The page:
The last time Shane Carruth was at Sundance in 2004, he brought his first film Primer, a movie about four corporate engineers who construct a scientifically-sound time-machine in the garage after-hours and proceed to experiment with time-jumping for profit. It cost only $7,000 to make, but it didn’t look or feel like it was made in someone’s garage, even though Carruth wrote, directed, produced, cast, scored, edited, provided sound and production design, and, oh yes, starred in the movie. It quickly became the buzzy must-see at that year’s festival, and it went home with the Grand Jury Prize.
Carruth hasn’t been stuck in a time loop since then, but it took nine years for him to deliver his second film, Upstream Color, which premiered at Sundance yesterday. In this surreal romantic-thriller that evokes the visual and acoustic stylings of Stanley Kubrick, a woman named Kris (Amy Seimetz) is abducted by thieves and implanted with a parasite that places her in a state of almost hypnotic compliance. When she recovers, with no real memory of what occurred, her life collapses. Until she meets Jeff (Carruth), who’s drawn to her for some reason he can’t explain. Together, they try to piece together their lives even as the universe seems to be conspiring against them.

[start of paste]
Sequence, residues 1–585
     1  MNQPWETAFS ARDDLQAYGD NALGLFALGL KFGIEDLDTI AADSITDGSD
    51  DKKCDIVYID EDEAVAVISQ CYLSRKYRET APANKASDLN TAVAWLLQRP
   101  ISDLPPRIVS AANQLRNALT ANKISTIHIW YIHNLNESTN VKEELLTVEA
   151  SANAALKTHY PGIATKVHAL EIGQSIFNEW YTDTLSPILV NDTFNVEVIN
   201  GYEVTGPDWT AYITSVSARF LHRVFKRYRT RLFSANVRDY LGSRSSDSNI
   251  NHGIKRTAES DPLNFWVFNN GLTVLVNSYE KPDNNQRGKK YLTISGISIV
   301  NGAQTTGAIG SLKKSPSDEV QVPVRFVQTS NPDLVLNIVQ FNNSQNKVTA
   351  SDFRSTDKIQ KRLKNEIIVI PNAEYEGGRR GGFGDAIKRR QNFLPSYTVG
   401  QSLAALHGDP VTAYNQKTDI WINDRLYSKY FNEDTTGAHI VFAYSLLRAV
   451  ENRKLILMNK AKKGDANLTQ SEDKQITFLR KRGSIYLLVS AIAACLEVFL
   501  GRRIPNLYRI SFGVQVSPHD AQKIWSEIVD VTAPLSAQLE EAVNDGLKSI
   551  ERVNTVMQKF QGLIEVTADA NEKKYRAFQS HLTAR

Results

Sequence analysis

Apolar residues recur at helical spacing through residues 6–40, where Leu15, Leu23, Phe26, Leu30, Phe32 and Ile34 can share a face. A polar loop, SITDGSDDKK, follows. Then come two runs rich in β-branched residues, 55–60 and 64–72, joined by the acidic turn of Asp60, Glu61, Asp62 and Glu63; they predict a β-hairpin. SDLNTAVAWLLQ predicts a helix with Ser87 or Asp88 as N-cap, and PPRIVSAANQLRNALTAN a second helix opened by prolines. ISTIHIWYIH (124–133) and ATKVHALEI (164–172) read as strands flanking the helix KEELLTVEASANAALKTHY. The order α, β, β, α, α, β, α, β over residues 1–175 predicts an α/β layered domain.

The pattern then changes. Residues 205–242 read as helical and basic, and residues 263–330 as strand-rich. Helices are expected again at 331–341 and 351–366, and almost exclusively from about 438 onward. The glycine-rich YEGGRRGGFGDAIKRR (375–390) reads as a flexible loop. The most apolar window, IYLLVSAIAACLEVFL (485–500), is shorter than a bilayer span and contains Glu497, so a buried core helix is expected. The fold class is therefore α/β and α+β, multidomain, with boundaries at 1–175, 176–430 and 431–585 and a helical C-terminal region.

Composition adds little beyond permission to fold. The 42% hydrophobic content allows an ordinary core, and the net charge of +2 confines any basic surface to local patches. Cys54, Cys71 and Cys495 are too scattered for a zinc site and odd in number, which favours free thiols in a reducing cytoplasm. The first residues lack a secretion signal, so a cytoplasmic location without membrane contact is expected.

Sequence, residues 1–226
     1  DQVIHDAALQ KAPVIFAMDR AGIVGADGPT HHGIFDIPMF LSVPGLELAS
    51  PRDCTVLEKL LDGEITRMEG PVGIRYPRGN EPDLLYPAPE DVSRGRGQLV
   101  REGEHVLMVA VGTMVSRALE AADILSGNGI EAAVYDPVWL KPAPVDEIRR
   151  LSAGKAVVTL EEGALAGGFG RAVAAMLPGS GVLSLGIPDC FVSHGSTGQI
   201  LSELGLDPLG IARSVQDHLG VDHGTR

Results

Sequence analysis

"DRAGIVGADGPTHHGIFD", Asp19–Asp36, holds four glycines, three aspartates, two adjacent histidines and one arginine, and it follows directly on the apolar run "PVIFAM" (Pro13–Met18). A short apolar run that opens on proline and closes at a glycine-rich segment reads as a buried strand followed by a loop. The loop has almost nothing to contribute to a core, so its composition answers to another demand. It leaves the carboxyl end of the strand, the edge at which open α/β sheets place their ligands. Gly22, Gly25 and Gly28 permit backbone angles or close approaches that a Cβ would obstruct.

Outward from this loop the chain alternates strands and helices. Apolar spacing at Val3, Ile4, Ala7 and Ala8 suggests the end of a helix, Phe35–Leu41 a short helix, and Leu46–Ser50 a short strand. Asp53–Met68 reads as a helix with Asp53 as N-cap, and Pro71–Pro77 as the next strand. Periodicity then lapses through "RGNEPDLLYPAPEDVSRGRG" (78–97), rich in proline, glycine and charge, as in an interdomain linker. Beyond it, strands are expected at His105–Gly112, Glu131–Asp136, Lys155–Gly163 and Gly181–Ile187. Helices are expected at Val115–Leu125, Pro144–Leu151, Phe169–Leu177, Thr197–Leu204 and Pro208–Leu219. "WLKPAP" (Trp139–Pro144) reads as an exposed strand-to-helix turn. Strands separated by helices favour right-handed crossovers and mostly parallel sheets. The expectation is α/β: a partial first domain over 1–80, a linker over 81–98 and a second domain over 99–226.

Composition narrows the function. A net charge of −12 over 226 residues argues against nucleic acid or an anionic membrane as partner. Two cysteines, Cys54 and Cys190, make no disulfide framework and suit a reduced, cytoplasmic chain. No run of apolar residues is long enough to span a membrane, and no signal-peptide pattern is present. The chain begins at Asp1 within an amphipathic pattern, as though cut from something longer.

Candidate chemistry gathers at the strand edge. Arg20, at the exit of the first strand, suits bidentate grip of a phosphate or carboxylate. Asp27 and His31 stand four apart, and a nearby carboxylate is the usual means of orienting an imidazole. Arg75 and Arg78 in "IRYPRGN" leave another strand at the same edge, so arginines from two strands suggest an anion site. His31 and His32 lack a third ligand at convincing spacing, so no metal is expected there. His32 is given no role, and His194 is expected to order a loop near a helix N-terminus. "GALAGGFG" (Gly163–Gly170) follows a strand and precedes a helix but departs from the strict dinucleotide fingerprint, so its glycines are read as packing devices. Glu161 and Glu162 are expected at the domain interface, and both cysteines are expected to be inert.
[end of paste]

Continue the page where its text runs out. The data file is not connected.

Carruth was again a multi-hyphenate on Upstream Color, and this time, he’s even taken the next step and is supervising distribution as well. His movie will open in theaters on April 5 in New York at the IFC Center before expanding to other markets. He spoke to EW about his new movie and personifying the Sundance ethos. READ FULL STORY